Our HSE management system is an integrated part of our total management system, and it is described in our governing documents. 

A key element in our HSE management system is recording, reporting and assessing relevant data. HSE performance indicators have been established to provide information about historical trends. The intention is to document quantitative developments over time and use the information in decision-making and for systematic and purposeful improvement efforts.

The HSE data are compiled by the business units and reported to the corporate executive committee, which evaluates trends and decides whether improvement measures are required. The chief executive submits the HSE results and associated assessments to the board together with the group's quarterly financial results. These results are posted on our intranet and internet sites. Quarterly HSE statistics are compiled and made accessible on our website through the performance report.

Our three group-wide performance indicators for safety are the Total Recordable Injury Frequency (TRIF), the Lost-Time Injury Frequency (LTIF) and the Serious Incident Frequency (SIF). These are reported quarterly at corporate level for Statoil employees and contractors. Statistics on our employees' sickness absence are reported annually.

The group-wide environmental indicators are reported annually at corporate level, with the exception of oil spills which are reported quarterly. The environmental indicators are reported for Statoil operated activities. This includes the Gassled facilities at Kårstø and Kollsnes, for which Gassco is operator, while Statoil is responsible for the technical operation (technical service provider).

Historical data include figures relating to acquired operations from the acquisition date. Correspondingly, figures relating to divested operations are included up to the divestment date.

Results 

We had six fatalities in 2009 in four different accidents. On 7 May 2009, we experienced a fatal accident in connection with the dismantling of scaffolding on Oseberg B, in which one of our contractor employees died. Three of our employees in Brazil were onboard Air France flight 447 which disappeared over the Atlantic on 1 June. On 7 September, a fatal accident occurred on the LPG carrier "Lady Shana" during a port call at Petit Couronne in France when a crew member fell from the shore gangway and into the river Seine. On 17 October, a fatality occurred when one of our contractors died on Statoil Canada's Leismer lease, located approximately 150 km south of Fort McMurray, Alberta.

The HSE accounting shows the development of the HSE performance indicators over the past five years. The use of resources, emissions and waste volumes for selected Statoil operated land-based plants and for Statoil-operated activities on the Norwegian continental shelf are shown in separate environmental overviews. See also the information on health, safety and the environment in the review of Statoil operations and the directors' report.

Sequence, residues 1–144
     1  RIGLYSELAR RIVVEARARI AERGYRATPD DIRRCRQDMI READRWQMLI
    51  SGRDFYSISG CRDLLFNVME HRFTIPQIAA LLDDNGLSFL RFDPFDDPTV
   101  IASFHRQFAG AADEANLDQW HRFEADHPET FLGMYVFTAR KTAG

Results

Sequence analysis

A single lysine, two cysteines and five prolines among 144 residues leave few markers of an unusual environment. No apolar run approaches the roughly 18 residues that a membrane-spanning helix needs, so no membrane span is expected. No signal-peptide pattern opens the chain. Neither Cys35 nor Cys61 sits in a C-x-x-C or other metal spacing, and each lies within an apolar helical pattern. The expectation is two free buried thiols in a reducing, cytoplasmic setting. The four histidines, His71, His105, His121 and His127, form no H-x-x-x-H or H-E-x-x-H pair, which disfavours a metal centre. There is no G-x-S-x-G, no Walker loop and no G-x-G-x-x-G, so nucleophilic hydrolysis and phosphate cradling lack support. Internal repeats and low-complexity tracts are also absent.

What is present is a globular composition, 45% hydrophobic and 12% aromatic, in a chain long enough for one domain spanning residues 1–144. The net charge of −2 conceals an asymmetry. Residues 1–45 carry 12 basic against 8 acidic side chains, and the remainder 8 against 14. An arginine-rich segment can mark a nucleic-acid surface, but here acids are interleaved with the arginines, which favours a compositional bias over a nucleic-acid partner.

During 2009, our operations account for more than 154 million working hours (including contractors). These hours form the basis for the frequency indicators in the HSE accounting. Contractors handle a large proportion of the assignments for which Statoil is responsible as operator or principal enterprise. 

Statoil's safety results with respect to serious incidents have been at a stable level in recent years. The overall Serious Incident Frequency (SIF) indicator decreased from 2008 (2.2) to 2009 (1.9). 

There has been a decrease in the number of total recordable injuries per million working hours (TRIF) in 2009 (4.1) compared with 2008 (5.4). Contractor TRIF at year end 2009 was 4.8, and Statoil employee TRIF was 2.9. The lost-time injury frequency (injuries leading to absence from work) was 1.6 in 2009, a decrease from 2008 (2.1). 

In addition to our HSE accounting at group level, the business units prepare more specific HSE statistics and analyses that are used in their own improvement efforts.

We were fined NOK 25 million by the public procecution authorities in Norway on 18 December 2009 in connection with an oil leakage incident that took place on 12 December 2007 on the Norwegian continental shelf. Statoil E&R has been fined a total of NOK 0.1 million in connection with approximately twenty minor issues related to, e.g,. food safety, the handling of liquid fuel and the transportation of dangerous goods. Statoil was fined NOK 2 million in December 2008 for a pollution of oil that occurred on 23 November 2005 on the Norne field, for not responding in accordance with the emergency preparedness plan.